Book Review

Educator Review: I’ve Got Something To Say!

I’ve Got Something to Say!
Written by David Booth, Professor Emeritus at OISE
Published by Pembroke Publishers
Category: Professional Development Resource

Reviewed by Sandra McLeod-Barbeau,
English teacher, ESC Cité des Jeunes, CSCD Grandes Rivières


The subtitle, “How Student Voices Inform Our Teaching,” is also the premise: “student voices are central to effective classroom learning.” Transcripts of teachers’ and students’ interactions make up the bulk of this practical book which advocates for the teaching of “oracy.” The book also includes an extensive bibliography of recent references and a user-friendly index. Chapter titles, section headings and side-bars facilitate reading and allow the teacher to pick and choose which strategies to use to improve classroom practice.

Although the majority of examples are drawn from elementary classrooms, Booth recognizes that secondary school students also need to be heard for “talk is a bridge that helps students explore relationships that arise between what they know and what they are coming to know” (p.16). Booth points out the connection between student voice and increased engagement as well as willingness to participate in classroom activities.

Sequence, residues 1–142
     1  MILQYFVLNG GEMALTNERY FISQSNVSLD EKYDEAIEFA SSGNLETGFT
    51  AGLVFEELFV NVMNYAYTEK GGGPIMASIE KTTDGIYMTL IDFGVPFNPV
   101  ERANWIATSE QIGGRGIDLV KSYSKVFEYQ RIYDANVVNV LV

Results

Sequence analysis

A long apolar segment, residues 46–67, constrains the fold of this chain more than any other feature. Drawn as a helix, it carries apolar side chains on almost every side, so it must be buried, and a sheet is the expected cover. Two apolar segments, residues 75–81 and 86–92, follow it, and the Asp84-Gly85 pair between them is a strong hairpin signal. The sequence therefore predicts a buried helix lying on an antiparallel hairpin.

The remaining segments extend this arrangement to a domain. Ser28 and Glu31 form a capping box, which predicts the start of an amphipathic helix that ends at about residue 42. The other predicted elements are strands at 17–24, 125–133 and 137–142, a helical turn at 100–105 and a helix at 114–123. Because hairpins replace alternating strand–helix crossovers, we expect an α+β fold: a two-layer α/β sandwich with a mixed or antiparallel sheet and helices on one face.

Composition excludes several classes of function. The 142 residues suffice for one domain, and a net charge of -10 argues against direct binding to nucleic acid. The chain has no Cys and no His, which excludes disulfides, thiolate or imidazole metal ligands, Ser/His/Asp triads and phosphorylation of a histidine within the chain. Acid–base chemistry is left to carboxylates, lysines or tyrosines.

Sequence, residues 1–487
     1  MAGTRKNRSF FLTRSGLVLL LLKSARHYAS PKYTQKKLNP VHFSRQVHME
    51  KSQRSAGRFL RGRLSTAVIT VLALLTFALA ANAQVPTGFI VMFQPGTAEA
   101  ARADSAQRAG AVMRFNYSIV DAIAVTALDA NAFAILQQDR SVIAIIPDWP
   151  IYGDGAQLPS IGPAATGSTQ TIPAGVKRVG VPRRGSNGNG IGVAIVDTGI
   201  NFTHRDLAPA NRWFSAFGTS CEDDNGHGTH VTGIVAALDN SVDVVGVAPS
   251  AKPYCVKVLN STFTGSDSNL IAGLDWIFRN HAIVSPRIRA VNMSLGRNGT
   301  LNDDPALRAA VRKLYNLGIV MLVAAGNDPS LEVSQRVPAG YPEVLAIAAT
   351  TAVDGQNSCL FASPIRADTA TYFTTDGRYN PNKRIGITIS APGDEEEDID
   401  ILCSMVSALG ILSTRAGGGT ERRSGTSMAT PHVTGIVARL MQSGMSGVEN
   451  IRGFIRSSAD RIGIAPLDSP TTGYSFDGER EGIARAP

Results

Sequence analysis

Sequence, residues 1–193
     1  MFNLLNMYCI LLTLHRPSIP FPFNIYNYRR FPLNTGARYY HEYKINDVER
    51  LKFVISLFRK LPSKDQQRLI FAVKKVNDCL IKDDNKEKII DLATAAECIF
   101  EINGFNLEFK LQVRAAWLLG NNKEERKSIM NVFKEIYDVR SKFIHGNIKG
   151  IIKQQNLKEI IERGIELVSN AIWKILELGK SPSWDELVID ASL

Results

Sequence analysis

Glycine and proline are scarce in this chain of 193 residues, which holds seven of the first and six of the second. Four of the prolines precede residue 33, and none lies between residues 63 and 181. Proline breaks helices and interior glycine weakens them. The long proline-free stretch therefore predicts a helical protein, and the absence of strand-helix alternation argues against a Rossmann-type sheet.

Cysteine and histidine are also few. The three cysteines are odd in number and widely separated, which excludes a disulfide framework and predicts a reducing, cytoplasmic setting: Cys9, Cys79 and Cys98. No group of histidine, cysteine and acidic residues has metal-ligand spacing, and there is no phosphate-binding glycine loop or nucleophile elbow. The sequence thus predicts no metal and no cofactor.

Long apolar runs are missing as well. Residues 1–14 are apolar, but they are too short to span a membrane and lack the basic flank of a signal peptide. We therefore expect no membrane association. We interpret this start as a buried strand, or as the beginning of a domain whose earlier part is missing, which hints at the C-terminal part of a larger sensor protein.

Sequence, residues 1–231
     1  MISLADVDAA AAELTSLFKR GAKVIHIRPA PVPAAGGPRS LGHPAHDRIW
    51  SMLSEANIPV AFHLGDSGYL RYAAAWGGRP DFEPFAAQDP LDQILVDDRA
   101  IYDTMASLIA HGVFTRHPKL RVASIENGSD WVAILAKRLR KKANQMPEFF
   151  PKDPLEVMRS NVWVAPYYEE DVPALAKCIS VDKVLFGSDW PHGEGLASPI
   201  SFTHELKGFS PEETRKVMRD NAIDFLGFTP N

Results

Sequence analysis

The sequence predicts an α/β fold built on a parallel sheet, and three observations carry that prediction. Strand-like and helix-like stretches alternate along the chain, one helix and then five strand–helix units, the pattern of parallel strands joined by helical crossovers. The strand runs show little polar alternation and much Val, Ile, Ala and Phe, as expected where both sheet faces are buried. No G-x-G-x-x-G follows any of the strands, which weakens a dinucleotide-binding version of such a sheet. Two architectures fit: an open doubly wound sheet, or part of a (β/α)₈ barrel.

Each chapter concludes with a Reflection, a series of questions to apply the chapter’s content in the reader’s classroom. The early chapters build the argument for why classroom talk matters while subsequent chapters show how to build a community of voices using story-telling, role-playing, response journals, oral reading, and various forms of writing, just to identify a few of the strategies presented. An entire chapter is devoted to communicating through technology, and the final chapter presents assessment ideas. The book includes examples drawn from ESL, ESD, and ELL classrooms, as well as from students with learning difficulties.

I’ve Got Something to Say! should be read by every teacher and administrator who is passionate about inclusive classrooms where students’ voices are valued. Beginning teachers and experienced teachers alike can refine their current practice by implementing even one of the many excellent practical suggestions. Be prepared to spend some time reading this book as you will frequently stop to revise tomorrow’s lesson plan, incorporating an idea you just discovered.

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